Which Material Produces the Best Baseball Bat?
Which piece of equipment matters the most to a baseball player? Is it his fielding glove? His batting glove? His baseball turf shoes or his cleats? His sunglasses? Is it the baseball bat? Can such a question be answered, anyway?
It’s highly subjective, that much is for sure. Like most debates that exist in sports, there rarely is one single right answer to such a question. Records and rules are both meant to be broken, and picking out a “single” most important piece of equipment seems like an open-ended question that can be argued ad infinitum.
So let’s key in on a more specific question: What type of material produces the best baseball bat? Can this question be answered with a more definitive statement?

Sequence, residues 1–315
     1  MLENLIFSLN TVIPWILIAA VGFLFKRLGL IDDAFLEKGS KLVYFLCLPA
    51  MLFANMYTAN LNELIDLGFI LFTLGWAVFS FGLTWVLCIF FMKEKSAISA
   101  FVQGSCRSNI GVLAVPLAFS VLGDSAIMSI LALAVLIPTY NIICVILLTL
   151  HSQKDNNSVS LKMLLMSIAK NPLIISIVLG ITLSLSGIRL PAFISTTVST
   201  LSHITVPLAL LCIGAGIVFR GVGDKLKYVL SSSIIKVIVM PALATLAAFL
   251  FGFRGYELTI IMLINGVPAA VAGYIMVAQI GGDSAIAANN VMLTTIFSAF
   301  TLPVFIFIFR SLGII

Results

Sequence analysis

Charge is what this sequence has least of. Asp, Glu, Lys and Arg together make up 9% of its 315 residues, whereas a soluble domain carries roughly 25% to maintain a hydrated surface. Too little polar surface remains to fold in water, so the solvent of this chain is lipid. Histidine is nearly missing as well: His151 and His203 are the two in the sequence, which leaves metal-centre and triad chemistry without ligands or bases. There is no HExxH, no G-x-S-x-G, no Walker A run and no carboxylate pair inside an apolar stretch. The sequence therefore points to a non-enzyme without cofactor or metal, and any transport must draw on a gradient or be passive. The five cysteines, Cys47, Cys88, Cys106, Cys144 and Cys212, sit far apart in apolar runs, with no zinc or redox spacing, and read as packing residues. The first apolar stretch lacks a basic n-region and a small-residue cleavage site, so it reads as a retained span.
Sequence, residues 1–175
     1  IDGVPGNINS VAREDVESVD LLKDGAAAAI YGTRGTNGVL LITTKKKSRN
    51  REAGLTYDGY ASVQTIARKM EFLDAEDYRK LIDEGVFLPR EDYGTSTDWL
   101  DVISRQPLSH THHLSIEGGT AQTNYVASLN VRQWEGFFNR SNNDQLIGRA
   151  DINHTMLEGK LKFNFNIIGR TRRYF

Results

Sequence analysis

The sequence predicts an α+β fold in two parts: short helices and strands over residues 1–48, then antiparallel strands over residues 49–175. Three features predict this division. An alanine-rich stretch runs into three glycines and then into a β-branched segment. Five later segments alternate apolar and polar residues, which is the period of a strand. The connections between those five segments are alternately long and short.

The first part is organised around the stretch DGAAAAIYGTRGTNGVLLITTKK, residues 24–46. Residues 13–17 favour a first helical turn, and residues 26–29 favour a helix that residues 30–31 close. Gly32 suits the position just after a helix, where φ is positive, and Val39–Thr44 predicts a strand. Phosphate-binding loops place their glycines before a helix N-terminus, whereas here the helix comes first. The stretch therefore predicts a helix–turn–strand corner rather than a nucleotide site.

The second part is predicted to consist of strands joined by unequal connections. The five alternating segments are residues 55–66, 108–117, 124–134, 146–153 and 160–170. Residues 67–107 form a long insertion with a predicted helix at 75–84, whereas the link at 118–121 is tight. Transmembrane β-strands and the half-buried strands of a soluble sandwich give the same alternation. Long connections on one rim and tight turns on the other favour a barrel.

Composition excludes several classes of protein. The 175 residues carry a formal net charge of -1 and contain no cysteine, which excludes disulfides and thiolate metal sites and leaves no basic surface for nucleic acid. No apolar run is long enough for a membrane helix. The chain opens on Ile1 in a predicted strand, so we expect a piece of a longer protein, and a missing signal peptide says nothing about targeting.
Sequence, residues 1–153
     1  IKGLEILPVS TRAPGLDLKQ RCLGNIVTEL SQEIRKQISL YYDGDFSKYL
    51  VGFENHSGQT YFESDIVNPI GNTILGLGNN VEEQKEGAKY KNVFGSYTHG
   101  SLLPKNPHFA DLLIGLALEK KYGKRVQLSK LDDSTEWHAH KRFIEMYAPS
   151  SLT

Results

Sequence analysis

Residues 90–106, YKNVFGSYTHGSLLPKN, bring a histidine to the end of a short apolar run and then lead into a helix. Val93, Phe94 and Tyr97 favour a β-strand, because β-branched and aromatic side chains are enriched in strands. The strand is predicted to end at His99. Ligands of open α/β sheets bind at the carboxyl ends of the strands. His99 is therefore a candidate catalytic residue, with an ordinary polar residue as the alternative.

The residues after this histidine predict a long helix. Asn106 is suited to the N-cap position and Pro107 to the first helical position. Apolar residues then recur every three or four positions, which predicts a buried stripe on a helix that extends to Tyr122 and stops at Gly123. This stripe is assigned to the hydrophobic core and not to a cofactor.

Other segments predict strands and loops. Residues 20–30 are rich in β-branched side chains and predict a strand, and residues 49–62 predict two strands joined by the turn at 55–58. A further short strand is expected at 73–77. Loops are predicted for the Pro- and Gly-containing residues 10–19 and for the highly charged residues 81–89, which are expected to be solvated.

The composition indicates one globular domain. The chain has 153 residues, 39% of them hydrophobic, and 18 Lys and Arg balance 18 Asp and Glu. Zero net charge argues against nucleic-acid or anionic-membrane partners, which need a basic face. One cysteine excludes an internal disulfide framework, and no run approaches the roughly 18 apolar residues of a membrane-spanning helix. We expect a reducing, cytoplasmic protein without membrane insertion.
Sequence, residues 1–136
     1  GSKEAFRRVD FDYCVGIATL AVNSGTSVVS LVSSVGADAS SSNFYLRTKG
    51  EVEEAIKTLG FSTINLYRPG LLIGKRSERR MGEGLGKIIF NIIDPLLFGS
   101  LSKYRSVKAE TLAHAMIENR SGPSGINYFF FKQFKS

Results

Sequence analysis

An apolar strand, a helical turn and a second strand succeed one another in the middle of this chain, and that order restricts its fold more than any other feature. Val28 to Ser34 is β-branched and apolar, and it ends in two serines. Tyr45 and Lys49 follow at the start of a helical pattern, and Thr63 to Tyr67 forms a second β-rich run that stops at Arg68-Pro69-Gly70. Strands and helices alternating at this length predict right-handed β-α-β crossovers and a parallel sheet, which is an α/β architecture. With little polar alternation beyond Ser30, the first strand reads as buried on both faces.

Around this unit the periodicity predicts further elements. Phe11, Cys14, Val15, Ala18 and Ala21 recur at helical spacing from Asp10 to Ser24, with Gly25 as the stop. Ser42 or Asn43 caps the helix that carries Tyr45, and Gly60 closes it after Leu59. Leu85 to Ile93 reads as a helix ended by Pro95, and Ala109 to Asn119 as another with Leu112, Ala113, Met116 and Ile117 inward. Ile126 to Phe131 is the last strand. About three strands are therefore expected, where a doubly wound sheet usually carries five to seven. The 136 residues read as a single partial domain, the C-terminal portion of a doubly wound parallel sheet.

Again, probably not; so what we’re going to do is evaluate the strengths and weaknesses of bats made from wood, alloy, and composites, the three classes of materials from which bats are commonly made. If we can’t tell you with certainty which bat is the best, maybe at the end of it you can decide which bat is best for you.
- Wood baseball bats
For a long time, all baseball bats were made of wood. It is the traditional material for a bat and the professional players still play with wood. Many of them even prefer the performance of wood bats, despite the material’s temperamentality and the fact that wood bats have a “lifespan.”
Traditionally, wooden bats have typically been made from maple, ash, or birch, although today some bats are made from bamboo, hickory, or even composite woods, which are light and strong - but not legal for play everywhere.